Mixing with the young and ancient who had bussed it up to come to climb one of the surrounding peaks, I put a fleece on for the first and only time in August and left Rocinante by the bus stop as I joined some recent arrivals and plodded up to the nearby peak of Maou-dake. Back on the bike and I descended the 60 kilometres to the historical centre of Takayama in the late afternoon, stopping just once outside a shrine in a picturesque village where the old lady that I was sharing the bench with, shuffled into the nearby shop to return with a bottle of Pocari Sweat, Japan's favourite sports drink. I continued on to Takayama and made my way to the local park just as the rain started and found a covered bench where I planned to spend the night. An hour later a group of eight university students cycling from Osaka up to Niigata arrived along with headlights flashing, as surprised to see me as I was them and we shared the space for the night, swatting blindly about for mosquitos as we fell asleep.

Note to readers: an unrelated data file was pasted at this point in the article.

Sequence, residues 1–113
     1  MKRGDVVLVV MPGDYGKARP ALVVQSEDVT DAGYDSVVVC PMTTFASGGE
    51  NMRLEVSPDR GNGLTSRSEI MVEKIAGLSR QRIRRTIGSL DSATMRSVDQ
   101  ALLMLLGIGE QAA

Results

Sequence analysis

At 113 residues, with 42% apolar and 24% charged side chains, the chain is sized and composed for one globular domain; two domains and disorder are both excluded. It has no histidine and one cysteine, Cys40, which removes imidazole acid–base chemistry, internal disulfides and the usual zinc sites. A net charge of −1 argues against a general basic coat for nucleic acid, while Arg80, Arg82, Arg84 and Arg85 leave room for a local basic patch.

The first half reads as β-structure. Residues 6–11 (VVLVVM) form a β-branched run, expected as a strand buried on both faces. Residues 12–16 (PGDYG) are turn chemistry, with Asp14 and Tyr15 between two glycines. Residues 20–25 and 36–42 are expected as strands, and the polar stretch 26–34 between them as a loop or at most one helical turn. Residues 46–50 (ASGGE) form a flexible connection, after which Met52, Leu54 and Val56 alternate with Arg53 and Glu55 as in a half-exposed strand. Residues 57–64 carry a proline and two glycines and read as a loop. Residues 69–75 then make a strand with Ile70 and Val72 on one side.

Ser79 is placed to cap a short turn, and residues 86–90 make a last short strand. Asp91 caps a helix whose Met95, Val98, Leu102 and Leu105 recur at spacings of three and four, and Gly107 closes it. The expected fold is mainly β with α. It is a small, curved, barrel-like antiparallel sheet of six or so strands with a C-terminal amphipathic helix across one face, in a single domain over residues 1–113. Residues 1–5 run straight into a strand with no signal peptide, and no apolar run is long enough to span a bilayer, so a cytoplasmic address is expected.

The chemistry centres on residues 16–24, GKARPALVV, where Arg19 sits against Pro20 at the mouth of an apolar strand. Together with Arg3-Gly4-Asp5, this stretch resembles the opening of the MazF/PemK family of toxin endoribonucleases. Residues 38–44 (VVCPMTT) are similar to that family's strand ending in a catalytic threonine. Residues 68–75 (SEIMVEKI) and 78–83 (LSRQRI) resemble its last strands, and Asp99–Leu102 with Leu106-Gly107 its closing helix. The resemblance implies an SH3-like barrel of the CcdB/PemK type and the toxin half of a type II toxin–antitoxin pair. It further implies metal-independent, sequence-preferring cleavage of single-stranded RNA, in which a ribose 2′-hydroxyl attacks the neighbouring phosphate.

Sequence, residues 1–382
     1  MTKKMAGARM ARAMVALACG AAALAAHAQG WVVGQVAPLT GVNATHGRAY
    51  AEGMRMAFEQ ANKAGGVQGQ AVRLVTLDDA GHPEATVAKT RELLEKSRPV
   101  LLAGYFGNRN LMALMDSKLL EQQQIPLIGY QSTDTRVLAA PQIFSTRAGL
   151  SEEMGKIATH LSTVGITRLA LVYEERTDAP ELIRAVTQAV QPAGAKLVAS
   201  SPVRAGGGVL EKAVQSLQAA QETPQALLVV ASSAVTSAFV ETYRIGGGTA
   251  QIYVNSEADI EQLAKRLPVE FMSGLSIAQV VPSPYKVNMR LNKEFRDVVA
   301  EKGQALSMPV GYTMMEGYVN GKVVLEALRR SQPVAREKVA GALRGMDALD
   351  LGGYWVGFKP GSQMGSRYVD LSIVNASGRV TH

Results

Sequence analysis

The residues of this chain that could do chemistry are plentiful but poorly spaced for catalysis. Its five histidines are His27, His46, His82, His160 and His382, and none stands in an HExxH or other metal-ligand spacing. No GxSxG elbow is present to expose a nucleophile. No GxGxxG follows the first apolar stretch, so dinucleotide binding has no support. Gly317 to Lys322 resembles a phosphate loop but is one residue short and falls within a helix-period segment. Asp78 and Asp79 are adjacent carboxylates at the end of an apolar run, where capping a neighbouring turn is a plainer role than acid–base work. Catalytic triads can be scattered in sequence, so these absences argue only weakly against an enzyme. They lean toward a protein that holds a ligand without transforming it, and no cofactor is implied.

Osaka, Japan
Trip distance: 49,033 km